Movie theaters are not typically the most social environments, but with the opening of a new restaurant and patio bar, you may be planning your next happy hour at Alamo Drafthouse in Dallas.
Vetted Well, which resides on the theater's second floor, opens March 9 and offers patrons the opportunity to dine, drink, catch a concert and even rent a room for private karaoke without buying a movie ticket.
"We wanted to create a venue that specializes in having fun," says co-owner Bill DiGaetano.
Most Alamo Drafthouse theaters have a restaurant component, the company's signature Glass Half Full taproom. But DiGaetano, who's also a partner in the Richardson site and soon-to-come location in Irving, diverged from the model in hopes of shattering the notion attendees have to see a movie to enjoy the space.
By all accounts Vetted Well accomplishes this. With roughly 5,000 square feet split between a dining room, bar and two massive outdoor patios with killer skyline views, the venue feels miles away from the cavernous, popcorn-scented theaters below it. Judging strictly by the chic interior, decked in warm wood and worn metal fixtures, Vetted Well seems plucked from a trendy district like Deep Ellum rather than supplemental to a movie theater.
"It's a brand new building in the Cedars, but we wanted it to feel like it fit in," says DiGaetano, pointing to the exposed brick that was salvaged from long-gone structures in the neighborhood. "We just wanted to play off the dichotomy of elegance and rustic."
Is it 5 o'clock yet? Here's what you can expect from a visit.
Most moviegoers know to come hungry for a showing at Alamo Drafthouse, but the Vetted Well may soon be known as a dining destination on its own. The menu, though a slim 14 items, boasts creative, from-scratch plates that range from desserts and apps to steaks and brunch-inspired dishes.
Concept chef Dustin Patek told GuideLive during a recent tasting he adds a personal touch by taking well-known meals and combining them with unlikely flavors. His version of chicken and waffles, for example, pairs a brined pork chop with a bacon-cheddar waffle and maple gravy ($13). The standard turkey sandwich gets a unique spin with peach preserves, brie cheese and tarragon aioli ($13). (See full menu below.)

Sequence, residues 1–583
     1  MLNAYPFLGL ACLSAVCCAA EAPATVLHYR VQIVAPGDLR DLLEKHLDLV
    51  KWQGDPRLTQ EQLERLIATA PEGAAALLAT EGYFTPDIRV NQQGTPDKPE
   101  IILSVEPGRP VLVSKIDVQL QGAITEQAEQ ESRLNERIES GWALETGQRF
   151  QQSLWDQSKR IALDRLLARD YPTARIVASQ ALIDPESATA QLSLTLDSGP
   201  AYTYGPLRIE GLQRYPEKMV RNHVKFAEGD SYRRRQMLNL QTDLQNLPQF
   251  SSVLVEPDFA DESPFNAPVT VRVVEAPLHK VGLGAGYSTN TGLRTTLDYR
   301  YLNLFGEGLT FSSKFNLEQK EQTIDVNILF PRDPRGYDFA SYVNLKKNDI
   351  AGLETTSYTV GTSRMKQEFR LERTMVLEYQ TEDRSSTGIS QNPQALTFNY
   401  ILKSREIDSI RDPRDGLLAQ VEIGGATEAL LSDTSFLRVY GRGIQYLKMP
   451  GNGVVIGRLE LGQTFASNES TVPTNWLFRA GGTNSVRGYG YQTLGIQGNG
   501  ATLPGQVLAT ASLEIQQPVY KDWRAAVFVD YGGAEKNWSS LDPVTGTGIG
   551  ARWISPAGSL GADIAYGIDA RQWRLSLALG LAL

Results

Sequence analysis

"Skeptics welcome," Patek says.
Vetted Well is currently only serving lunch from 11 a.m. to 2 p.m. on the weekdays, since one kitchen feeds both the restaurant and the theaters. But DiGaetano expects to roll out brunch by summer and dinner by fall. Patrons who show up after lunch hours can still order food from the theater menu.
In addition to nearly 50 craft beers on tap and in cans, Vetted Well's specialty is cocktails. (Could you tell by the name?)
It's 13 mixed libations range from the standard Moscow Mule (with copper mug, $8) and Mai Tai ($10) to house originals like the Southside Royale, a mixture of gin, cucumber syrup, mint, lime and champagne ($9).
The real eye-catchers -- at least for whiskey drinkers -- are the boilermakers, each named for a different Dallas landmark. Keep it trashy with the Grassy Knoll, a shot of corn whiskey paired with a 7-ounce Miller High Life ($6), or get classy with the Red Pegasus, a shot of Redbreast 12-year served with a 7-ounce Tempress milk stout from Lakewood Brewing Co. ($14). The idea is to sip one, then the other, but DiGaetano has seen drinkers indulge a variety of ways. (See full menu below.)
Bar hours are Sunday to Thursday 11 a.m. to "close," a time which varies based on the theater's schedule and traffic; and Friday and Saturday 11 a.m. to 2 a.m.
DiGaetano doesn't plan to compete with venues like neighboring Southside Ballroom, but he does have a temporary stage that he anticipates setting up for bands occasionally. The stage will be put together either in the dining room or on the back patio against a 30-foot projection screen.
Perhaps you want to front your own band -- no sweat. Vetted Well has four private karaoke rooms that seat six to 20 people, depending on the size. Consider this the adult playground. Each room is themed with either pinball, Lego, fun house or Space Invaders decor. The latter, the biggest room, even has video gaming systems as new as the PlayStation 3 and as vintage as the Nintendo 64 for patrons to play.
Rooms are available for an hourly fee ($20 per hour for the small, $40 per hour for the large), and offer song-side drink service.